While in the U.S. we're most likely to coat peanuts with something sweet (see recipe #44, "Groundnut Cakes), here is a savory peanut snack/appetizer recipe from Ghana. The hardest part of this may be to locate raw unsalted peanuts with their skins still on. I finally found some at a health food store. Perhaps one could substitute raw peanuts without their skins, but my guess is that the batter would not stick to the peanuts as well.
Recipe #69: Spicy Coated Groundnuts(Peanuts)
- 8 oz flour (1 1/2 to 2 cups unsifted)
- 3 teaspoons ground dried red cayenne pepper
- 1 teaspoon salt, more or less to taste (whoops, I forgot that in the picture)
- 1/4 teaspoon white pepper
- 1 teaspoon baking powder
- 1/4 cup evaporated milk (plus enough water to make the batter thin enough to coat, about 4 Tablespoons)
- 2 eggs
- 1 pound (16 oz) shelled raw unsalted peanuts with their skins on (about 3 cups Spanish peanuts)
- vegetable oil for deep-frying (I prefer canola)
- Add several cups of vegetable oil to a deep fryer, if using, or to a deep heavy pan. Do not fill either over half full. Heat the oil to around 360 degrees F while you make the batter (this would probably be between medium high and high on my stove top if you're frying them in a pan on the stove).
- Sieve (sift) together the 4 dry ingredients (flour, peppers, and salt) into a large bowl.
- In a separate bowl, use a fork or wire whisk to beat together the eggs, shake the can of evaporated milk, then open it and add the 1/4 cup, and mix.
- Here is the first tricky part: add the liquid to the dry ingredients to make the batter, mixing well. At this point, you'll have to determine if the batter is too thick to mix the peanuts into without clumping. Add water or more milk, a tablespoon at a time, until it is thick enough to coat the peanuts, but not watery.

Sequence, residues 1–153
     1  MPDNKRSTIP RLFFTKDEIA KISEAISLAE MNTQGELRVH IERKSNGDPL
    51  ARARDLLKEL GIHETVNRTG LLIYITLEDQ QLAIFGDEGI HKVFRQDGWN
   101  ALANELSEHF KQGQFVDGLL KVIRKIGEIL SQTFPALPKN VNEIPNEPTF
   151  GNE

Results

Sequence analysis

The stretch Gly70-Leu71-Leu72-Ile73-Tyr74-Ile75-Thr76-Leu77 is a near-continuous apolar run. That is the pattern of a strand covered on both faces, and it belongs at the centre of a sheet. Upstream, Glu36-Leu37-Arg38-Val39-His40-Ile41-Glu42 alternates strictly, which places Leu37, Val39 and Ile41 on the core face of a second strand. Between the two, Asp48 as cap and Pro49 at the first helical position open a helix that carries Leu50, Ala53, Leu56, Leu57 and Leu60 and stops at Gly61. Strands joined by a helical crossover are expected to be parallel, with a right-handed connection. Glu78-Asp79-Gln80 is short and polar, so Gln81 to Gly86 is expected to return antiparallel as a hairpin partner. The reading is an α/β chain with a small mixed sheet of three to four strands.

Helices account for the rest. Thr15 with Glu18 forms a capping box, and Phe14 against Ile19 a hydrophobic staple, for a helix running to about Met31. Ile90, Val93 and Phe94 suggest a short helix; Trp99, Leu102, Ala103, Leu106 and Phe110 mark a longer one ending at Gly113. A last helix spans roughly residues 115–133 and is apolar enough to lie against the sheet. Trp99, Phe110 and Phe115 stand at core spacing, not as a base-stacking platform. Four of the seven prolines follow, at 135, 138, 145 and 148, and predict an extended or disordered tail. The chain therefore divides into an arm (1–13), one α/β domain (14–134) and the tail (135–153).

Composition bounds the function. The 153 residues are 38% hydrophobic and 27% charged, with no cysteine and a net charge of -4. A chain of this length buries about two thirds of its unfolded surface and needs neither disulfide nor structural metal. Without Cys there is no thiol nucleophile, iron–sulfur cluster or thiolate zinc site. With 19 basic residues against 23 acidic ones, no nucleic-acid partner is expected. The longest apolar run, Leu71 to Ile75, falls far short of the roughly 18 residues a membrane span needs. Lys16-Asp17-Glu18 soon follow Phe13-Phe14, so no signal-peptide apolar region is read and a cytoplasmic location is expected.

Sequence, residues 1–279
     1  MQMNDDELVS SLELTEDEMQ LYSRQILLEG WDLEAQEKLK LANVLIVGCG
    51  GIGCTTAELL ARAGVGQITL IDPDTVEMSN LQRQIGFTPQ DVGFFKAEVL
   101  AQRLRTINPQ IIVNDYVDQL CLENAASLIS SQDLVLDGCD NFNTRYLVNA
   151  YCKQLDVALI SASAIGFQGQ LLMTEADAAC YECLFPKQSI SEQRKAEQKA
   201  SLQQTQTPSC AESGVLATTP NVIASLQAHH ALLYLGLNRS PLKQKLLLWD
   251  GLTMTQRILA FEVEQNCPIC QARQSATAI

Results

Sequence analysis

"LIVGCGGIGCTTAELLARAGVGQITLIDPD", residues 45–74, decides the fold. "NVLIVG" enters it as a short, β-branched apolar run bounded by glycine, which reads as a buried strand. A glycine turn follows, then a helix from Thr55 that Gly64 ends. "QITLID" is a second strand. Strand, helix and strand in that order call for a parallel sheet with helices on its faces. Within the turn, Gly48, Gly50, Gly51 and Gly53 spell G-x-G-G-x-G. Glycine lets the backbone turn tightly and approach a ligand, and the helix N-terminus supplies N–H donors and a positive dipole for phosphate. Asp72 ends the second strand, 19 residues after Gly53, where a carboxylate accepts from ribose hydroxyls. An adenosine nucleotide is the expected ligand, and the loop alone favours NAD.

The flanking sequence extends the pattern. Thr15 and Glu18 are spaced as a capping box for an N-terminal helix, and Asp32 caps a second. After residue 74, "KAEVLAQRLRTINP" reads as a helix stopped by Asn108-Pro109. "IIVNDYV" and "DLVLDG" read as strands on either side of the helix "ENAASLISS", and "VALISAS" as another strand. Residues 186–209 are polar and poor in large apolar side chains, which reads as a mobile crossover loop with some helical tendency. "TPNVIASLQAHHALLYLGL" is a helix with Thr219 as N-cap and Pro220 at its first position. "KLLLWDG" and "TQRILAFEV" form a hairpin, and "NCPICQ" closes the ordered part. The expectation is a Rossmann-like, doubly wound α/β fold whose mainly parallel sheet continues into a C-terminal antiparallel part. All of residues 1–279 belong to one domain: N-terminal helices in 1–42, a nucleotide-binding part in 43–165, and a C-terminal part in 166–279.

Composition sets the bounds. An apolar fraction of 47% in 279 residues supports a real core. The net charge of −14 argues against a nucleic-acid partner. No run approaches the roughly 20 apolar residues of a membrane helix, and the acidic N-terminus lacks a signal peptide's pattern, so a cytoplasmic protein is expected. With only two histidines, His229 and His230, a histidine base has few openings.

- Put a spoonful of batter into a small bowl, and mix in an equal amount of groundnuts.
- Here's the second tricky part: I've done a fair share of deep-frying, but I found it impossible to get the peanuts into the mixture to cook individually any way but by putting them in that way. I ended up scooping a spoonful of coated peanuts onto a long-handled spoon over the fryer, then using a knife (also with a long handle), to tap each peanut into the oil, being careful not to splatter myself. When the nuts are in the oil, stir them constantly with a long-handled metal or wooden spoon to make sure they brown evenly. As soon as they turn quite brown (the browner are they, the crispier they'll be, but being careful they do not cross the line to burned), remove with a slotted spoon and drain them on paper towels or paper.
A perfect snack to eat while sipping a nice cold Star or Club beer (sigh, none here in central Pennsylvania), or some fruit juice, bissap (aka sobolo), ginger beer, or iced tea. If it were winter here in Pennsylvania, they'd also go well with a hot drink like coffee.The hot oil somehow steams the peanuts so they're still chewy, but the crispy, spicy coating gives them a kick. I'd eat them soon after making them.
NOTE: I did try frying some of the peanuts in clusters, but they seemed soggier rather than crisper. I'd stick with frying the nuts individually.